As acute as they were, the drones didn’t pick up on Riley’s movements as effectively as they should have. Over Riley’s flushing, they should have heard him maneuvering back the toilet to reveal a passage that led to a long-rumored, never substantiated underground railroad to the great unbugged country up north. It so happened that this supposedly nonexistent resistance also had underground passages not far off from this particular bathroom. All Riley has needed was a way to get the cameras off of him. And now, due to a bathroom break gone awry, he had found his way to all the privacy a man could desire. Riley placed the toilet back to where it was, dropped down into the connecting tunnel he had dug, and disappeared.
Wherever Riley went, and whatever happened to him—that’s private.
Author : Jae Miles, Staff Writer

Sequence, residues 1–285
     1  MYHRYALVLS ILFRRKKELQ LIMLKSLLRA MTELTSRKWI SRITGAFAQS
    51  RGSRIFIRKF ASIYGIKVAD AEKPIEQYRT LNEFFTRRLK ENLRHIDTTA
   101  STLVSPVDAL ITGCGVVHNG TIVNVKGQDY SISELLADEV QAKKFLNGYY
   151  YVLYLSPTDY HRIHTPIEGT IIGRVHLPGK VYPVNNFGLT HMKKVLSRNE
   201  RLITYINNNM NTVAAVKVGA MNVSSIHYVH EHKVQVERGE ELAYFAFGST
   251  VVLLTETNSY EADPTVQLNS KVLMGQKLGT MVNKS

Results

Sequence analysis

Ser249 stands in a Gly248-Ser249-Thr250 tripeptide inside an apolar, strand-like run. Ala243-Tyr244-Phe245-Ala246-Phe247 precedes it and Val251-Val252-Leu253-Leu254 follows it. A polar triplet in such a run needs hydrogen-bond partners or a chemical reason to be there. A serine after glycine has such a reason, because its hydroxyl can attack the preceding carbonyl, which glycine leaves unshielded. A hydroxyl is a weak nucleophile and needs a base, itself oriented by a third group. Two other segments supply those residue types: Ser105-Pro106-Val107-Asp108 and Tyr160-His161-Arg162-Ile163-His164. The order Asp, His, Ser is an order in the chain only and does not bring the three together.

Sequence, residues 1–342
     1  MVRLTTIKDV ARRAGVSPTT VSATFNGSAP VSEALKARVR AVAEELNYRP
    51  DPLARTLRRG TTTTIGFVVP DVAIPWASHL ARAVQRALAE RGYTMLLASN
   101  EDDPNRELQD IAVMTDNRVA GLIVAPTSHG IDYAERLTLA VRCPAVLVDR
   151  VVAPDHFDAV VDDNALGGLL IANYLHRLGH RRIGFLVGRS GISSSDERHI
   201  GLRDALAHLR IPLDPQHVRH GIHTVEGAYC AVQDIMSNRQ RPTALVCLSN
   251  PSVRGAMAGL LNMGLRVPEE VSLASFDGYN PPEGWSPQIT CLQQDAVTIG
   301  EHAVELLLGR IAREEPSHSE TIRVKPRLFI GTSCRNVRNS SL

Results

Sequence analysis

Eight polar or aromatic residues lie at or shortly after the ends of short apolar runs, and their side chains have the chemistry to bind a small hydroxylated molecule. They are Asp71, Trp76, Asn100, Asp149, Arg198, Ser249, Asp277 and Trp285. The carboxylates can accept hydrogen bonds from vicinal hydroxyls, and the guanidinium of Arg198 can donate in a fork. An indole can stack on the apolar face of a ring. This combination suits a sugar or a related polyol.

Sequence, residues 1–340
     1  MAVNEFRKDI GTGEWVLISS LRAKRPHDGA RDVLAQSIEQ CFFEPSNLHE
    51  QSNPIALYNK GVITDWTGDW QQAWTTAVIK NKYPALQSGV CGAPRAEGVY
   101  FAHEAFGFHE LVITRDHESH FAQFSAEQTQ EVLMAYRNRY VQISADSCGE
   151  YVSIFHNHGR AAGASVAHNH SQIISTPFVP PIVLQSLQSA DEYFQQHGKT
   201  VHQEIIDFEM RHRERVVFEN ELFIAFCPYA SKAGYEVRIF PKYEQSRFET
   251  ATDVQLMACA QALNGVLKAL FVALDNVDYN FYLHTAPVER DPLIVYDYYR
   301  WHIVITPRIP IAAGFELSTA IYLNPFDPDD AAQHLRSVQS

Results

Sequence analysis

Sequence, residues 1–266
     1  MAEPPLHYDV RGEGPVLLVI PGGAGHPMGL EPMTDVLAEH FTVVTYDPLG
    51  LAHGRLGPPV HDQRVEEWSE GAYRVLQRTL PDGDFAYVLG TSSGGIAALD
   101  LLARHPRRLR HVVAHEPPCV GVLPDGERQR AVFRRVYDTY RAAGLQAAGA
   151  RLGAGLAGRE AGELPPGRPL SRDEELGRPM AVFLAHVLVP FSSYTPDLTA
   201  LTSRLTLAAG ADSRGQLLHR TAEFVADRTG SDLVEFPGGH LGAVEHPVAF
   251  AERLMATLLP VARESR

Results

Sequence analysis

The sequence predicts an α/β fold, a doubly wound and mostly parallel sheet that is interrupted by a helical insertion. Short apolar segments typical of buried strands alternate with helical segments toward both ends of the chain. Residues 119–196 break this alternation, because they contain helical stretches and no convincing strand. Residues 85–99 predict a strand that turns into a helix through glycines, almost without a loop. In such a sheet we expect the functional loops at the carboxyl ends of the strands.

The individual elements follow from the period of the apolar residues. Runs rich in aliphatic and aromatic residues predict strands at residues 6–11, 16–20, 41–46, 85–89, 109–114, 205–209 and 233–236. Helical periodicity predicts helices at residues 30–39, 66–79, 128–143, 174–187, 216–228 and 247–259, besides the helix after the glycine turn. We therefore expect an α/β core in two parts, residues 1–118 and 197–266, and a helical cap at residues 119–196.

I’m impressed: the manufacturer’s claim was true. C-NhD – Compressed Nhildentium – really does make a ship unbreakable.
“Sir, the worst casualty is Engineer Ruson: both legs broken. Apart from that: cuts and bruises.”
I treat Dral to my best expression of disbelief: “How?”
“It spun us, sir. Everyone was pinned to a solid surface. By sheer luck, the majority were backs to the impact.”
I’ll be drinking a half bottle of brandy with our guardian angel as soon as we get out of this.
“What’s our manoeuvring capability?”
“None, sir. We’re embedded in a cliff face.”
“Can we blast our way free?”
“It’s a two-kilometre drop, sir.”
“Use launch boosters?”
“Tubes are buried in the cliff, sir.”
I perform a mental orientation from that info.
“So, presuming we’ve lost both turrets, surviving weapons will only fire along the cliff face?”
“You presume correctly, sir.”
“Looks like we’re going to have a chance to enjoy the view, Dral.”
He stares out the viewport.
“A pity it’s too narrow to climb through, sir.”
“I like the way you skipped the gargantuan task of breaking supraglass.”